- When capital dries up for the shale, it will decline at 35% per annum… so the current 5mmbbls/day will reduce by 1.75mmbbls/d in a year – with nothing obviously available to replace it.
- The latest estimate is that demand has increased 1.7mmbbls/day in the last year – despite the headlines about the end of oil.
There are still several big projects, sanctioned in the 2010-2014 period (or earlier) yet to come on-stream, so there is no obvious “cliff-edge”, but the potential to swap rapidly into supply-side issues is clearly real.
Einhorn’s “The MotherFrackers” hasn’t happened as he suggested… yet, that doesn’t mean its wrong – he may yet be proven right – If the numbers are to be believed, it’s just a question of time. Without wanting to labour the point – there were people who were right about the sub-prime bubble, but acted too early, some rode their belief and made fortunes, as described in The Big Short, others who rang the alarm bell were simply cast aside.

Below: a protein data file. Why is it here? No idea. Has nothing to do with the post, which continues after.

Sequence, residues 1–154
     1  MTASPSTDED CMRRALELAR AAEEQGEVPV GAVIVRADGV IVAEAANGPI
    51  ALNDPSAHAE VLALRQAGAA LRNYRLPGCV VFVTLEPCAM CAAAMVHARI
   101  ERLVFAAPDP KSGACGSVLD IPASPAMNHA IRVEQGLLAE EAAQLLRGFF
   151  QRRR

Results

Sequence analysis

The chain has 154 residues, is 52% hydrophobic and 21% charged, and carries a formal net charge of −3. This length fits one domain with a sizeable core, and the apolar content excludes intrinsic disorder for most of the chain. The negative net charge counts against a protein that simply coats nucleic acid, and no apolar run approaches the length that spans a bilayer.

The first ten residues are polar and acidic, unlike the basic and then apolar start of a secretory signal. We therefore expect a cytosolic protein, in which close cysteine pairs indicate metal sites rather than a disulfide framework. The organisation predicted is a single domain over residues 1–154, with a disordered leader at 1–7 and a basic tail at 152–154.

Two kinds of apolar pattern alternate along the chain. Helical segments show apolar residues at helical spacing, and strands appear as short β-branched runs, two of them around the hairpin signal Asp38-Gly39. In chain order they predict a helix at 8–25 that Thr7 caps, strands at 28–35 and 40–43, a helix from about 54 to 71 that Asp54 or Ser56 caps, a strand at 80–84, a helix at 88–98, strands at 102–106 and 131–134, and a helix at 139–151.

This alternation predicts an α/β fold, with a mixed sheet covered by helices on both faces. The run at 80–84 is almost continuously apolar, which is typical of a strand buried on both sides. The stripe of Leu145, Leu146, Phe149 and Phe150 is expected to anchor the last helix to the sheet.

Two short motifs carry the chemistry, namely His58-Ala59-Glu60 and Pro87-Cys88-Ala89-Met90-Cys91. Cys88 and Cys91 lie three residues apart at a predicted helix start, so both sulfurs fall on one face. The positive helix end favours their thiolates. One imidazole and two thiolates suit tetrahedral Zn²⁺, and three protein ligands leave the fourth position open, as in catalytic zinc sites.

The heroes of The Big Short knew the trigger (variable rate mortgages switching from low teaser-rates to higher variable rates), and still almost got burned on timing… we have no such obvious trigger…. So timing is a huge unknown, but the indications are there.
The markets have been so focused on the feel-good story of “shale will provide limitless oil until we all transition to EVs by 20” that it has taken a while for the murmuration to start to swing around. This narrative is so wrong that it is creating a dangerous complacency around supply, and indeed even affecting US foreign policy, with the US leaving a void gleefully being filled by Russia… but I digress.
A question to end with, and don’t be shy, use the comments box. How many barrels of oil per day are removed from the demand side by replacing 1 million ICE vehicles with 1 million EVs ?